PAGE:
The top 1% holds over four times the wealth held by 953 million people (or the bottom 70% of the population). Despite the global market downturn, the rank of India’s super-rich continues to swell.
While India’s economy is in a growth recession and the government is anticipated to cut its social spending budget to make ends meet, its top 1% holds 42.5% of national wealth. The total wealth of Indian billionaires is higher than the total Union Budget of India for the fiscal year 2018-19 which was at INR 24,42,200 crore.
As the time for India’s budget for 2020 approaches, it is time to consider whether this concentration of wealth in the hands of the elite truly benefits India. Morally, is it right for a female domestic worker to take 22,277 years to earn what a top tech CEO makes in a year? While an Indian is the richest man in Asia, India saw 8.8 lakh malnutrition deaths in 2018, the highest in the world. 27% of deaths in India are preventable, caused by poor access to drugs and medicines. India’s education is segregated by income with the rich attending elite private schools (in India or abroad) while over 300 million Indians remain illiterate. India’s rich and poor grow up in different worlds and spend the rest of their lives separate. This level of inequality derails India’s development project and puts national cohesion at risk
This is not inevitable. India needs to increase corporate taxation and introduce more targeted taxes on the super-rich (including inheritance tax and tax on dividends) to plough back India’s wealth for the benefit of all of India’s citizens. The wealth thus generated should provide more resources for improving public education and health and expanding social protection. More action is needed to address corruption and tax evasion given that the Fifteenth Finance Commission calculates that India may be losing ₹5 trillion in indirect tax revenue a year, amounting to 40% of its goods and services tax (GST) collection target, because of defaults and evasion. It is time that India’s elites made their contribution to India by paying their fair share of taxes.
At the same time, more is needed to address the burning needs of the poor and marginalized. It is time that everyone received a fair living wage and no one died because they could not afford to access healthcare. It is time for India to commit to a universal right to healthcare through the public health system and universal early childhood and secondary education. Doing so is critical to ensure that every Indian citizen has the best opportunities in life. At the same time, more needs to be done to address historical discrimination against Dalits, Adivasis and Muslims and ensure that the highest quality of services reach those that are marginalized.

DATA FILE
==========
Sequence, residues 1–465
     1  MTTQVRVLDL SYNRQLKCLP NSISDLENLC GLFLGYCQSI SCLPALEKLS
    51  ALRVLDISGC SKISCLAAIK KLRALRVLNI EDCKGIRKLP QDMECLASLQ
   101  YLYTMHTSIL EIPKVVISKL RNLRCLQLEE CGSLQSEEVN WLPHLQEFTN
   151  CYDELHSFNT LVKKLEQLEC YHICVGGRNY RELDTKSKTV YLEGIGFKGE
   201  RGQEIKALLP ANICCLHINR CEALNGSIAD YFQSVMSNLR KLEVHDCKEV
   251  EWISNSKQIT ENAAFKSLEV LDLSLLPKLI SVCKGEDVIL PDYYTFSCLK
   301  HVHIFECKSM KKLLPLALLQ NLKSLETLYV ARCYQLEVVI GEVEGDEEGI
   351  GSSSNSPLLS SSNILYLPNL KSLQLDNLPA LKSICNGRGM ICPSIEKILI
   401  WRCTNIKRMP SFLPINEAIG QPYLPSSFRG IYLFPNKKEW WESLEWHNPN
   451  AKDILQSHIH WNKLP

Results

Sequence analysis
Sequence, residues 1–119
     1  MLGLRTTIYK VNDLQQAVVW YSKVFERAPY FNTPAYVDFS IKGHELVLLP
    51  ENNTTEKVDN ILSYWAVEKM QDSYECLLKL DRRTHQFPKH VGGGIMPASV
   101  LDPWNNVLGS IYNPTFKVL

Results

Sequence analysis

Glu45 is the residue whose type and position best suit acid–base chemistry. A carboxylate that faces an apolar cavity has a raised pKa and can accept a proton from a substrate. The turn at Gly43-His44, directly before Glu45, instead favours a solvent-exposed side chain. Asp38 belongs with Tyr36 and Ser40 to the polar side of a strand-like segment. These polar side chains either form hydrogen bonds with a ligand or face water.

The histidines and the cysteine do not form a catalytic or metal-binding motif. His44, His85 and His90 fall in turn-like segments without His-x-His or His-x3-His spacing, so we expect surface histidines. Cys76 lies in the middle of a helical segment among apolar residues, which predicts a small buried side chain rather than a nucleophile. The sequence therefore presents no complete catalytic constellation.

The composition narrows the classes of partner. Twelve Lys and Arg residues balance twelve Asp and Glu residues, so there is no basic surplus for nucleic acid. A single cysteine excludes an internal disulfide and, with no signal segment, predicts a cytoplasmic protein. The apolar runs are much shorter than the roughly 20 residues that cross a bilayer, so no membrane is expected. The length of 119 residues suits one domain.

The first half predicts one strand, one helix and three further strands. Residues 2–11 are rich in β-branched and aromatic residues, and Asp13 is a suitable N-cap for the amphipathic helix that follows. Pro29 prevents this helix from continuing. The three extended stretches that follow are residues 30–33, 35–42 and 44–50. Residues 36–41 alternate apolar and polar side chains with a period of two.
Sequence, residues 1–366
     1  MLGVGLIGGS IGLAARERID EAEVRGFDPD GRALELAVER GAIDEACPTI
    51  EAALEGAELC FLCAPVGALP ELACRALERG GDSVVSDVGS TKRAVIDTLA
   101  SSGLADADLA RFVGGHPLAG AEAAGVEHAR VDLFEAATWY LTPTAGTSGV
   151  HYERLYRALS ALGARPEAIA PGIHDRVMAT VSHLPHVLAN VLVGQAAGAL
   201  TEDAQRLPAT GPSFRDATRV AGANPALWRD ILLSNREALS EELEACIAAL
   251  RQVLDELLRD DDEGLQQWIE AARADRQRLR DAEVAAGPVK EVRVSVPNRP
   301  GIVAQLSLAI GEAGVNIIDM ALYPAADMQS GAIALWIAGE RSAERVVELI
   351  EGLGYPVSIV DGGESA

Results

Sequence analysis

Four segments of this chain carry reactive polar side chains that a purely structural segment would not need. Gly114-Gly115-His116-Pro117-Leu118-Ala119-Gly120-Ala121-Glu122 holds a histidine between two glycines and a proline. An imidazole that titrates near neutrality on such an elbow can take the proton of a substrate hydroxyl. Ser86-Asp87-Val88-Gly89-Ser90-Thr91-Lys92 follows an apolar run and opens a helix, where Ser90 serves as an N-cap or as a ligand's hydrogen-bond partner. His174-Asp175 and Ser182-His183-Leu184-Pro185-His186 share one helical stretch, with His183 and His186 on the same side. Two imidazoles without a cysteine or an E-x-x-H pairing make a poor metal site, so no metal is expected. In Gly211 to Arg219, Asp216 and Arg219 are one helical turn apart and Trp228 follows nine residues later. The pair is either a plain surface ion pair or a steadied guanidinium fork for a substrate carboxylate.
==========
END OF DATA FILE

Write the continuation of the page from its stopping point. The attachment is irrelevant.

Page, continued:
People across the world are demanding change. The last week saw protests against inequality in 30 countries, including India, demanding an end to extreme wealth and rising inequality. In India, citizens from 18 states came together to demand a more equal and fair society. In Delhi, youth from poor communities performed street plays on inequality in some of its most elite spaces like Connaught Place and Dilli Haat as well as their own communities triggering dialogue on these issues. In West Bengal and Jharkhand, mine workers are campaigning for workers’ rights and in Manipur the National Hawkers’ Federation came out on the streets demanding an end to inequality. In Chhattisgarh, cycle yatras will be held to mobilise people against increasing inequality and trigger discussions about ways of reducing it. In Uttar Pradesh, young people across 15 districts of the state mobilised against inequality. Education groups mobilized on 24th January on the occasion of the International Day on Education demanding an end to discrimination in education against women and girls. Persons with disabilities are mobilising against their continued exclusion and failure to implement existing legislations for their empowerment. Citizens across the country want an end to inequality. It is time for the government to listen.